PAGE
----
“Waiting On You” is the debut single by The Trust Fund Kids. Formed in 2015 by Kevin Connor, the band has had many incarnations and he is currently the sole member. We were able to talk to him about the song, the importance of DIY and much more.
The song has been through a long process as it first appeared on a demo EP that was released in 2016. “I wrote the riff around New Year’s Eve when I was 16. I messed around writing a couple of choruses, originally thinking of a Karma Police-type piano based chorus. Originally, when I wrote the chorus that is in the final version, I didn’t like it. I began to really like it after recording a demo with it,” he said. Because of that experience, he now records demos of all of his songs and sometimes, it’s tough to see if a song is good until you hear all the instruments in the mix.
After winning The Deli Philly’s featured artist poll, he was able to get the song professionally mixed and mastered at Sleepless Sound Studios in Philadelphia. “They’re awesome. Super nice people,” he said. “The process revolved around me sending over the tracks with notes.” While he thought that his original mix sounded flat, the studio “mastered it right to life”.
“Waiting On You” was chosen as he knew he wanted it to be the lead single for the album which is planned to be released in the summer. “It was a bit rowdy, angsty, and catchy and I feel like it makes sense because it’s so immediate, “he said. “There’s a youthful energy to it. In general, I think it’s just a solid, poppy indie rock song.” Lyrically, the song introduces themes that are further explored through the rest of the record. As the release is something that he enjoys and is true to himself, he hopes that people like it but its fine if they don’t. “I just hope that, in general, some people enjoy it and it gets stuck in their heads,” he said. “I hope they get some interesting lyrics, a hooky melody and some interesting tones out of it.”
Being a DIY artist, the concept is very inspiring and important to him as it allows artists to create studio-level recordings and play big shows that they may not be able to otherwise. ”It allows for some great artists to get successful,” he said. “Especially in a pretty prejudiced industry such as the (mainstream) music industry, it’s nice to hear more perspectives from people of all sexualities, gender identities, ethnicities etc. despite the fact that there is so much progress to be made.” Additionally, he likes the ability to self-produce and self-record. “It’s nice that I don’t have to subscribe to the sort of modern industrial complex behind art,” he said. “I don’t have to go broke recording 40 minutes of music. Despite my name, I do not have a trust fund.”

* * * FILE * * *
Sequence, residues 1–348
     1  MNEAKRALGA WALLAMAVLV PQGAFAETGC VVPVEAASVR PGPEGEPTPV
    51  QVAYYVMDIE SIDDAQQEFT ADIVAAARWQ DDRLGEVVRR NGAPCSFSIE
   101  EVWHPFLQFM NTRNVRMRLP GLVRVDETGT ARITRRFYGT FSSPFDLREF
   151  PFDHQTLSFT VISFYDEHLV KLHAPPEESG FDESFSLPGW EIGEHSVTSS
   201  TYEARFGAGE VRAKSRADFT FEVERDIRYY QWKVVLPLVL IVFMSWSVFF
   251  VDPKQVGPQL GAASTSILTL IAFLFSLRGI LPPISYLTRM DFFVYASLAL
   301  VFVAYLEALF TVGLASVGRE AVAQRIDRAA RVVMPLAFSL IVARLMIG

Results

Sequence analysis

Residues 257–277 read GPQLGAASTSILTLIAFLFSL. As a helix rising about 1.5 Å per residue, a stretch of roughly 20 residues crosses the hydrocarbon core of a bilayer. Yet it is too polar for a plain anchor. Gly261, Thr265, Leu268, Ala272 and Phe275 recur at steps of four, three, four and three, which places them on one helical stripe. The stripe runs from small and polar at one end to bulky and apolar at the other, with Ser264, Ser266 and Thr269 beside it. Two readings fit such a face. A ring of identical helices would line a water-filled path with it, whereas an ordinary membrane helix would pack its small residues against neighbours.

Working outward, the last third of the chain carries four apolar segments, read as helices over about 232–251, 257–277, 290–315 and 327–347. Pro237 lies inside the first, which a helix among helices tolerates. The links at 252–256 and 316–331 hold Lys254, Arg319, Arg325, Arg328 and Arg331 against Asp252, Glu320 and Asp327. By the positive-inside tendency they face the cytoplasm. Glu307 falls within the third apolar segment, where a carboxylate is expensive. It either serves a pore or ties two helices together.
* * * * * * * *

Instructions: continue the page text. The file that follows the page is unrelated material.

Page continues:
Living in Philadelphia, he says that it’s nice to see such a flourishing DIY culture. “Artist wise, I like Slaughter Beach, Dog a lot. Jake is producing and writing some of the most compelling music the scene has seen, in my opinion. He is great at lyrics, arranging, and composing melodies,” he said. “Harmony Woods, Big Nothing, Radiator Hospital, and Alex G are all really good artists.”
Other artists he listens to includes a lot of modern indie rock such as Car Seat Headrest, Jeff Rosenstock and Mitski among others. “I also love 90’s alternative rock – especially that of Nirvana, Weezer, Neutral Milk Hotel, Elliott Smith, and Hole. The LP I wrote is partially modeled off the structures of Nevermind and In Utero, he said. “There’s the same amount of songs and a similar energy level flow.” Another time period he enjoys is 60’s pop, rock, and folk like the Beatles and Simon and Garfunkel. Other influences include synthpop, garage rock, rap and bands such as Wilco and Death Cab For Cutie.
Being surrounded by music for most of his childhood, he developed the desire to learn guitar after learning violin in school. Over time, he learned several instruments from recording demos but his principal instrument has always been guitar. “My dad plays guitar and my earliest childhood memories are associated with that. My parents both love music with my dad being super into bluegrass and folk and my mom loving Springsteen (and others obviously),” he said. “Later, my older brother would teach me all about a lot of the rock that formed my early taste.” After getting into indie rock in 10th grade, his interest in playing music and song writing grew. Now, songwriting is the main craft that he focuses on.
For the upcoming debut album, his goal is to make something that is multi-faceted and lyrically transparent with lyrics that are as honest as possible. The lyrics explore a defined narrative arc about “accepting pain as an emotion that exists and confronting it and embracing it.” Some of the album’s themes include maturation, sadness, anxiety and mental illness. “I also want to construct a narrative that is fulfilling and compelling. Musically, I want to produce hooky indie rock songs with some interesting production/instrumental choices,” he said. “I want to make something that is original and powerful, but also universal and catchy. Wish me luck.”